ITHACA, N.Y. -- A common chemical derivative of vegetables has been used by Cornell University researchers studying leukemia to block the uncontrolled cell division that leads to cancer.
The chemical is retinoic acid, a product of vitamin A, which the body manufactures from carotenes, the compounds found in a wide assortment of yellow-orange vegetables and fruits, from carrots and sweet potatoes to pumpkins and apricots.
Retinoic acid reverses the growth-promoting effects of oncogenes, the mutated genetic material that induces cancer, says Andrew Yen, a professor of pathology and director of one of the Cancer Biology Laboratories in Cornell University's College of Veterinary Medicine.
The finding, which to date has been restricted to the test-tube level, could lead to enhanced therapies for those cancers, including leukemia, that seem to respond to retinoic acid. The research also highlights the cancer-prevention role of carotenes.
"This is one more reason," Yen says, "to listen to your mother and eat your vegetables."
Yen reported the cell growth-arresting function of retinoic acid March 30 in New Orleans at the annual meeting of the American Association for Cancer Research. More details are in an article prepared for the association's journal, Cancer Research. Previously, progress by Yen's laboratory in explaining the role of retinoic acid was reported in a series of articles in several journals, including Blood, European Journal of Cell Biology and Experimental Cell Research.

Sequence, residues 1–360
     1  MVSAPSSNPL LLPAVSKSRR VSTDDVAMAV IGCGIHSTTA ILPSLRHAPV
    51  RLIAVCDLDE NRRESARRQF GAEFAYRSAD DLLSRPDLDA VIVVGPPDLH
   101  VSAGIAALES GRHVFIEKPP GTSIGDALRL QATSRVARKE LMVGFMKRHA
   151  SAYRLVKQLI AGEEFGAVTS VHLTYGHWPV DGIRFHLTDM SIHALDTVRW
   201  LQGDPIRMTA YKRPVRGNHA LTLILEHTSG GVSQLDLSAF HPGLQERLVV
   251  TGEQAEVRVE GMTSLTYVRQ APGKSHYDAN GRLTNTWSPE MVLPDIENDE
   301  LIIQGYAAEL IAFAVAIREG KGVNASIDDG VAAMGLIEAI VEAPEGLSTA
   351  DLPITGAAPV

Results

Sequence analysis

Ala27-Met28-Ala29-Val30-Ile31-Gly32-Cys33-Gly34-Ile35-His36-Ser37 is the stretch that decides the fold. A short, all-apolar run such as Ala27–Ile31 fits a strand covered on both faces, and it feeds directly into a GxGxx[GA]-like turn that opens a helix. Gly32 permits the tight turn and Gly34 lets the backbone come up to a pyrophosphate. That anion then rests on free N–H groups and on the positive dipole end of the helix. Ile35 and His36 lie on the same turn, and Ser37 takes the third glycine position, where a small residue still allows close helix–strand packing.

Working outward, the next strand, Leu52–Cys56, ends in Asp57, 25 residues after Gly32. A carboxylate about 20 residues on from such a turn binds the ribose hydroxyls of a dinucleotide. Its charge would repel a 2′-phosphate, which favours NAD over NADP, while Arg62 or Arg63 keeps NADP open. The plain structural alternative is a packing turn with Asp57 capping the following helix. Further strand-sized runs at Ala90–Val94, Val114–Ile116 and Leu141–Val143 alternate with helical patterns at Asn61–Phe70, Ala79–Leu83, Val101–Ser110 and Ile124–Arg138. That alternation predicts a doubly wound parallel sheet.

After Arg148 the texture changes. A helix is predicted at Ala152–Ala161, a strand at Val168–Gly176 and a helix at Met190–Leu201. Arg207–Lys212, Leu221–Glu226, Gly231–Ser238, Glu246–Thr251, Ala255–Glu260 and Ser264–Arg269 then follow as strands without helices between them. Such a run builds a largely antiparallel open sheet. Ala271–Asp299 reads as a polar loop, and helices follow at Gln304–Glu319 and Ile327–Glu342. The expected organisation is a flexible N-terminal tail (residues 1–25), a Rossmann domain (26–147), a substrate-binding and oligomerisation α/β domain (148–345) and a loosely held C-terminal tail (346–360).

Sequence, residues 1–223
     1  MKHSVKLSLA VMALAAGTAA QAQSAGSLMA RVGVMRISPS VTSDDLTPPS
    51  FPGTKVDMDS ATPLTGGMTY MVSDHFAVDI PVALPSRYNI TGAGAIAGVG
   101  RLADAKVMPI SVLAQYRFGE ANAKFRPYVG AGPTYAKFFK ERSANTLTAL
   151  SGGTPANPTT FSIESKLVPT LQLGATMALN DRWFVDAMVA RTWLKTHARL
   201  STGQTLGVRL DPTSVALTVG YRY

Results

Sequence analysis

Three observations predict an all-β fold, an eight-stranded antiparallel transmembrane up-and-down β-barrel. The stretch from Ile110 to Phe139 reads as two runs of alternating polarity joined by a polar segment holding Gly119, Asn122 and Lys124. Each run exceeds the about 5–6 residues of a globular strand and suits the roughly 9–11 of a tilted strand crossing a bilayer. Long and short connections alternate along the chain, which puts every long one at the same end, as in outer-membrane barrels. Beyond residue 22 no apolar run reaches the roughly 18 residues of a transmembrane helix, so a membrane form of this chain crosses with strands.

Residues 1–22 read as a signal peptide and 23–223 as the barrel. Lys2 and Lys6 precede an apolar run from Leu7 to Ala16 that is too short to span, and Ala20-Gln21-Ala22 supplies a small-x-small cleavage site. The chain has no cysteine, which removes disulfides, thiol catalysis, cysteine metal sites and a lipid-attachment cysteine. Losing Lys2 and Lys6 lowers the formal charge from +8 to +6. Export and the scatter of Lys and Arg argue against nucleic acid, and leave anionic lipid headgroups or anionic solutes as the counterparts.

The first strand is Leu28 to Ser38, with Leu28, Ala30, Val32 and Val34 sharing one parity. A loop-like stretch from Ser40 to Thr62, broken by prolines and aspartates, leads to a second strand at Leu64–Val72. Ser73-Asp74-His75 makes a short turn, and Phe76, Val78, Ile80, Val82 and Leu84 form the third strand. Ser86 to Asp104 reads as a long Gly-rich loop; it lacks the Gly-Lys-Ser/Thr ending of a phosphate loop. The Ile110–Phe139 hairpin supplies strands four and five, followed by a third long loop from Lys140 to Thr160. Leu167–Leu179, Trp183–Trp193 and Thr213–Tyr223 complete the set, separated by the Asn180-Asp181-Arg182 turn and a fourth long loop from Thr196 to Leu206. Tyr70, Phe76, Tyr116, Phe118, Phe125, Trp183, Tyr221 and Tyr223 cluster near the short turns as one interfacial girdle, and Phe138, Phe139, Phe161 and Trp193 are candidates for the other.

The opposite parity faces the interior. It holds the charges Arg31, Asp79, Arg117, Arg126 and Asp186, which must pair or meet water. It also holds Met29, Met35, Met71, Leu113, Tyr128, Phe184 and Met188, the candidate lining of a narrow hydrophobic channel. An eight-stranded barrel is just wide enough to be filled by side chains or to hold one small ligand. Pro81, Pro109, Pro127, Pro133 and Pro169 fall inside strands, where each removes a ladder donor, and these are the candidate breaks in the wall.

Retinoic acid is a metabolic product of retinol, the active form of vitamin A. The compound had been shown by other researchers to regulate normal cell growth and differentiation. Yen's latest results -- using transforming proteins to switch on proto-oncogenes, the precursors to oncogenes -- demonstrate how retinoic acid can use the same chemical-signalling cascades that cause cell
Contact: Roger Segelken
Cornell University News Service